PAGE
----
Quotation Marks


Originally written as a series of tweets:

Quotation marks were invented around 1700. The Bible was written without them. All quote marks were added later.

Look at Genesis 12:1-3, God’s promise to Abram. Abram obeyed the command to leave his native land, setting out for distant Canaan.

But what did Abram hear and when did he hear it? We see quote marks and we assume a literal utterance. We assume a current conversation.

Remove the quotation marks and the matter is much less clear.

Genesis 12:1 begins, “Now the Lord had said to Abram....” The past perfect tense, “had,” indicates time had passed since God spoke.

Maybe a lot of time? God might have spoken to Abram slowly. Abram’s understanding might have come gradually.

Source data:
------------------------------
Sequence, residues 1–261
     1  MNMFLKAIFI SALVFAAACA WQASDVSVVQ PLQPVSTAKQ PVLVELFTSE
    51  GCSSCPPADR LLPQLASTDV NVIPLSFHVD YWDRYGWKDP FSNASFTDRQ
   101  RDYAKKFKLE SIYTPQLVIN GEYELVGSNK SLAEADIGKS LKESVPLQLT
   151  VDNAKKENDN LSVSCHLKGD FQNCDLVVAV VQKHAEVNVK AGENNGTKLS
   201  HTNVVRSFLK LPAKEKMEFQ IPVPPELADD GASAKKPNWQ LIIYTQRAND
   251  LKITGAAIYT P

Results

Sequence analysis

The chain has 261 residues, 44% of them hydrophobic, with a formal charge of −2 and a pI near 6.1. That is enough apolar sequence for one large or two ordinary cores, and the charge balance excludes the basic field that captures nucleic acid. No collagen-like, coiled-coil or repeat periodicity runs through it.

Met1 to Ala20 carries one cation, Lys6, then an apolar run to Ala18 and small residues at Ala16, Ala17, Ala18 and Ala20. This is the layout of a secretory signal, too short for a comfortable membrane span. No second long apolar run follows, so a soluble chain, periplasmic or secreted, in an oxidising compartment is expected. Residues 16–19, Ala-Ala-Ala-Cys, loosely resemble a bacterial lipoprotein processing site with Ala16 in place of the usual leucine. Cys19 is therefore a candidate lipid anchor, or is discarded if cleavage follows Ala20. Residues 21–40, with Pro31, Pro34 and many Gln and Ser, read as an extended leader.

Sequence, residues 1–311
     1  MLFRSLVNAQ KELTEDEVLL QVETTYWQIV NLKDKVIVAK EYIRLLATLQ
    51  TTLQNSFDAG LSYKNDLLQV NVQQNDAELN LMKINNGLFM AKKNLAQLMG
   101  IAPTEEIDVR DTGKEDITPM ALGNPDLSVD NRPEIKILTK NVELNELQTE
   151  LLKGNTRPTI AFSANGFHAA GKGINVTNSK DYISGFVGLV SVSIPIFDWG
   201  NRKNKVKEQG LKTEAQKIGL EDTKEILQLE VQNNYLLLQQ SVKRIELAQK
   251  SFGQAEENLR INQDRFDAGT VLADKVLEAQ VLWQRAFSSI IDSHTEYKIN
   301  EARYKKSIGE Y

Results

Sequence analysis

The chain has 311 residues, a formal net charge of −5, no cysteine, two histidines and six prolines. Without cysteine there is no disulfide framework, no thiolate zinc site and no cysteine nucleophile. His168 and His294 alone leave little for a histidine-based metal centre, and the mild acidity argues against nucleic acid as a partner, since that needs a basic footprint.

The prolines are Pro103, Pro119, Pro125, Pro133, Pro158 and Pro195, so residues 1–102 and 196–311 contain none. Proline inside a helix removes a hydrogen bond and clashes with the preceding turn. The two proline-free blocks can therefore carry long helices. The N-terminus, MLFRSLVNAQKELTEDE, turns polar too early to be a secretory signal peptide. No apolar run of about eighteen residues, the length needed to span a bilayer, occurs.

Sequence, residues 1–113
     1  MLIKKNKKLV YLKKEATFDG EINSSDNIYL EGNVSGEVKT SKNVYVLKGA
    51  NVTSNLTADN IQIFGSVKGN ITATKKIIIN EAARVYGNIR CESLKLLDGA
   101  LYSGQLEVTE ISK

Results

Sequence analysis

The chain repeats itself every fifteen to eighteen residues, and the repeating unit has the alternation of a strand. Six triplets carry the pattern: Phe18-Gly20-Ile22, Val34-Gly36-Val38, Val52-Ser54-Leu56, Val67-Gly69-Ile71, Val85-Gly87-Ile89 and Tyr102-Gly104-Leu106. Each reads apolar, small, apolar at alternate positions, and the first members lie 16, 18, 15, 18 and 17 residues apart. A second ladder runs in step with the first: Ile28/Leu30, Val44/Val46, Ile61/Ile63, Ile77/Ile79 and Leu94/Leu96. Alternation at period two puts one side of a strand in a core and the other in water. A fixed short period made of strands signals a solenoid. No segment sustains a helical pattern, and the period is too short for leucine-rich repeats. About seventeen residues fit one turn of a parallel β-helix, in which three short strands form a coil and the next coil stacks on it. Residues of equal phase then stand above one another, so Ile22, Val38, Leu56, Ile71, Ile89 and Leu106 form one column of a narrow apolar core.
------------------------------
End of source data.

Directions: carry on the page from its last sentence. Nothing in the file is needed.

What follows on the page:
The Bible says he was 75 when he said Yes and set out. What if he heard back when he was 25?

Maybe Abram spent 50 years trying to figure things out, trying to live his own way, trying to be successful in other people’s eyes.

Finally he became weary enough to give in. “OK OK, God. Let’s try this crazy thing that I have always felt like you’re asking me to do.”

Within your own life, do not demand that God must speak inside of quotation marks. This is a way to hide, a way to make yourself deaf.

Are you waiting for God to speak? Perhaps he has. Maybe he spoke with such devoted slowness that one sentence took years to fill your heart.

Maybe the longing that never quite leaves you is the whisper that has waited for you to listen.